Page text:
Yet, George says, for Catholics it is above all in those relationships we find ourselves thrust into — relationships that resist the shifting sands of whim or preference — that we learn what it means to be truly human. He argued it is among the people we are ‘stuck to’ that we become capable of grasping the deep meaning hidden in the divine command, “you shall love your neighbor as your self.” For when we are confronted by the unsought face of a neah bur — one “near by” — love encounters its highest calling.

Jesus’ Good Samaritan parable is about a man who finds himself confronted by a victim of violence who, simply by virtue of his proximity, imposes the severe demands of mercy on the Samaritan passerby. Unlike the priest and Levite, the Samaritan traveler refuses to unchoose this victim by passing on the other side of the road. Rather, he draws nigh, stooping low and pouring out compassion on a stranger’s wounds he claimed as his own.

The moral of the story is made even more stark by Jesus’ insertion of the dark Jewish-Samaritan history of ethnic, cultural and religious hatred. Such ancient and powerful rationales for unchoosing others simply dissolve under the force of this parable’s inexorable logic, making clear to all hearers there is no room in the Kingdom of God for those who choose to exclude anyone from laying claim on their own freely offered love.

G.K. Chesterton brilliantly expresses this harsh logic in an editorial he penned in 1910 for the Illustrated London News: “The Bible tells us to love our neighbors, and also to love our enemies; probably because generally they are the same people.”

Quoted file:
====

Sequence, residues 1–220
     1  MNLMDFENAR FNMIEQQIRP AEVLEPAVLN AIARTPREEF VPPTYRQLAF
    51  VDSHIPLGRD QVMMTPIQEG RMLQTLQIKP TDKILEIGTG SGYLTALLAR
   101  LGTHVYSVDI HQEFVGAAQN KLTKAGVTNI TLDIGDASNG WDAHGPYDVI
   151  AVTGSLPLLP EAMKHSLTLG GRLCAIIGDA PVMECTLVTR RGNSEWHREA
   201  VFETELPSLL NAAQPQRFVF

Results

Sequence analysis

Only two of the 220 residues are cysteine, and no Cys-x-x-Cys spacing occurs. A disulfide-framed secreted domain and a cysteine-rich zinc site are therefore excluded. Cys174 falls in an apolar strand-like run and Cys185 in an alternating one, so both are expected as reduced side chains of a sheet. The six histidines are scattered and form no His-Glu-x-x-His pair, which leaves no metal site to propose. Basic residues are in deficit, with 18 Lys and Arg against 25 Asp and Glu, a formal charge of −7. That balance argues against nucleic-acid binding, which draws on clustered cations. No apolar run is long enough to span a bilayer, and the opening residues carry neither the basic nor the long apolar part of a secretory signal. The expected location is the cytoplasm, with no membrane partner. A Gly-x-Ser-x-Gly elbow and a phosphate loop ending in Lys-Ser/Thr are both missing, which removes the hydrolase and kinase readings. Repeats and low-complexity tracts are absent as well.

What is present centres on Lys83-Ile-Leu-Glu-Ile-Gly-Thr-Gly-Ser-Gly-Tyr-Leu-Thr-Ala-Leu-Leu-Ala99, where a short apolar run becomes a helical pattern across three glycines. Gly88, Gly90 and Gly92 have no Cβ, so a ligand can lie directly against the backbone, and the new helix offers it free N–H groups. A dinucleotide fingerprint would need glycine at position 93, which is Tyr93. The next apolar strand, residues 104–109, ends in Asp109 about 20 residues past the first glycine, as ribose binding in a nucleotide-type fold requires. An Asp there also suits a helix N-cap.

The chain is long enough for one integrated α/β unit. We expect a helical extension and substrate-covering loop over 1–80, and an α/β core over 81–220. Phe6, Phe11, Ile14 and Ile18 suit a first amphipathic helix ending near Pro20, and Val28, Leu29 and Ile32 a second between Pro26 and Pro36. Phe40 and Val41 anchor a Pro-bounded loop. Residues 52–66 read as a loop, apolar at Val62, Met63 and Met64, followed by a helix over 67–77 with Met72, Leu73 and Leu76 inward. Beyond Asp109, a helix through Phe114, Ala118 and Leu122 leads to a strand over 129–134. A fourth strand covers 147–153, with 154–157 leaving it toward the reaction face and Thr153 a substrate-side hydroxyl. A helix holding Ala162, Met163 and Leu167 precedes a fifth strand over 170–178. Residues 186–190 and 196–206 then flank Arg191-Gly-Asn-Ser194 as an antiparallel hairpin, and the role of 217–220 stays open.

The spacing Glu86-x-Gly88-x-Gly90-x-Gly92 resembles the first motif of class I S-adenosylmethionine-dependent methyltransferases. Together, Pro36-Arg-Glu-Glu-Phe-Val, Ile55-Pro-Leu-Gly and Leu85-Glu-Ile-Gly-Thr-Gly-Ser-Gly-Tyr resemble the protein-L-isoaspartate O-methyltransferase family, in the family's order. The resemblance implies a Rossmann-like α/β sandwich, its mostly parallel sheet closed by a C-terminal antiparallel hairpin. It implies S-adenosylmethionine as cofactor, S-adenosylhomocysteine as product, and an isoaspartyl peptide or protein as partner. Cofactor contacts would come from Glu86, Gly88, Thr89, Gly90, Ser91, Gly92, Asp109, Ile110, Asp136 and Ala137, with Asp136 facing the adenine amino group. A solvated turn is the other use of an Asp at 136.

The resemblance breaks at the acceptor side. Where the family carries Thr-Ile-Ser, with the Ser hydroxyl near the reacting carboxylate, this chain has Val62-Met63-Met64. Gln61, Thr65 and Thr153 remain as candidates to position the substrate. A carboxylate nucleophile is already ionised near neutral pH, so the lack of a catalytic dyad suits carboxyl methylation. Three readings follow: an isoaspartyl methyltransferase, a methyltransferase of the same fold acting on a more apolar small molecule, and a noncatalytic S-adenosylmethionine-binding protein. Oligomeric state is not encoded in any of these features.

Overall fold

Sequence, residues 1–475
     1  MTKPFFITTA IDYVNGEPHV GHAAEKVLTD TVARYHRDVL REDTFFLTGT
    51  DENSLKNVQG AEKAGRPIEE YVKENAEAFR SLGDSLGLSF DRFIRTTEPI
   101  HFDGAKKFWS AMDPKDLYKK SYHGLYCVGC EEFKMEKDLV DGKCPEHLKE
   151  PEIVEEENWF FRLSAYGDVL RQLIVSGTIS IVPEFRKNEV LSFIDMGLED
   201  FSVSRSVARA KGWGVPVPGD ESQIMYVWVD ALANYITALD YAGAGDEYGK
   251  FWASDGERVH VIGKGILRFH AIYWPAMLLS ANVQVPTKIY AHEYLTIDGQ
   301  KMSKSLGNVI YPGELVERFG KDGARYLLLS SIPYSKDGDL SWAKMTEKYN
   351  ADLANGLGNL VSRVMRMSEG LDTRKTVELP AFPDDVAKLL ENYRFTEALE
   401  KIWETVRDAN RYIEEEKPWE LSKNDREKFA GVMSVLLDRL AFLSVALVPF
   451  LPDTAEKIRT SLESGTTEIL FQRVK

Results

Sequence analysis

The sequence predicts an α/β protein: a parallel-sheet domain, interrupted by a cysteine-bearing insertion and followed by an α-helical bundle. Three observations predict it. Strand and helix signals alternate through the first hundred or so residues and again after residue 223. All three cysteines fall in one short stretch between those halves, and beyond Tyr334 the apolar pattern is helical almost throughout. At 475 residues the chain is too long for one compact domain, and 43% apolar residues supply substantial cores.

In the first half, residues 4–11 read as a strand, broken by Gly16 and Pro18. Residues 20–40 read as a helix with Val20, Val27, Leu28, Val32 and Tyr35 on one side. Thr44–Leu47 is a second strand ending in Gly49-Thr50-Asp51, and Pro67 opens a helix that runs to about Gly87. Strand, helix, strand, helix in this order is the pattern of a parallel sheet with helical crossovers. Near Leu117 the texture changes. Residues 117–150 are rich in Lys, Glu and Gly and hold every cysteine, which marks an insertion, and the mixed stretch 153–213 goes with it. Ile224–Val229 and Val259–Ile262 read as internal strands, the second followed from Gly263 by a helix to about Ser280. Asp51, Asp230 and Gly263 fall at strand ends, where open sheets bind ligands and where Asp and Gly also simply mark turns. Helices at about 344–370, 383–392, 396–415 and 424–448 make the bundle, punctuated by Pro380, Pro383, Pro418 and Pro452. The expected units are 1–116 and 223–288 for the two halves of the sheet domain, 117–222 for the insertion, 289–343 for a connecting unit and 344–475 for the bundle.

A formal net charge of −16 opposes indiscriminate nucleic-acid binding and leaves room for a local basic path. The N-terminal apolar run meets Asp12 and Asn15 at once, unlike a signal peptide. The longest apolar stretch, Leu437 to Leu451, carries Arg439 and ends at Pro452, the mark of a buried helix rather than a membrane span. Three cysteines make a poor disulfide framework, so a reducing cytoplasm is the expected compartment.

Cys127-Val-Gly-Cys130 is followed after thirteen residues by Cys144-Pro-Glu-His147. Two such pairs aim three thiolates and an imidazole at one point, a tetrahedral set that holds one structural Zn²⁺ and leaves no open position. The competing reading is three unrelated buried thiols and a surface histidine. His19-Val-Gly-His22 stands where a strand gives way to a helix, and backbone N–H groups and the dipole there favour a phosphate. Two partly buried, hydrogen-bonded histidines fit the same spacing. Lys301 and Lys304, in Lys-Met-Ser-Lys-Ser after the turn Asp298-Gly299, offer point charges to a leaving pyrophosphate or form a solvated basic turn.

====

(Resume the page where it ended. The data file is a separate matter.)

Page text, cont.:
The word “religion,” from the Latin religare, meaning “to bind fast,” among other things communicates religion’s binding force that links us to a People — many or even most of whom we would not otherwise freely choose to identify ourselves or associate with. But for Christians this is the heartbeat of religion, a uniting all humanity together as one family, in love, under one common Father. Heaven would be hell for any who wish it otherwise.

This is all bloody hard, which makes it very tempting to opt for becoming “spiritual, not religious.” Religion binds us to the whole sordid lot of humanity, heroes and hypocrites, and then demands that we journey back to God together. Fixed to the Cross by His neighbors, Jesus exposes the redemptive cost of religion’s binding force, as He obeyed love’s logic to the very end. “This is my Body, which is for you” subverts the idolatrous logic of a culture which exalts the autonomous self that seeks its fulfillment in the construction of god and neighbor in its own image and likeness.

I said to someone the other day, we Catholics never parish hop, shopping like consumers for a charismatic leader or a gated faith community to our liking. Rather we fiercely believe, as a rule (§518), that the parish we belong to — are “bound fast to” — is the one in whose physical boundaries we happen to live. Why? Because our land-locked parish is our holy land; is God’s beautiful, difficult, kind, unpleasant, wonderfully diverse community of saints and sinners; is that rabble of our unchosen near-by’s with whom God’s scheming Providence ✟ has arranged for us to learn love. And if we stay in place, and abide in the Vine, the very things we like least in our neighbors may become the very things that help us love the most.

May the grace of the Holy Family help us to embrace the call to love our unchosen near-by’s, beginning with those nearest us at home.

Just the way you are

There is a possessiveness in the idealist’s attitude. “You are to be like me. I will shape you, or hammer you, into the shape of my ideal. You must enjoy my pleasures. Your tastes must coincide with mine. You must have only my values. You must be restricted by my limitations.” ― Caryll Houselander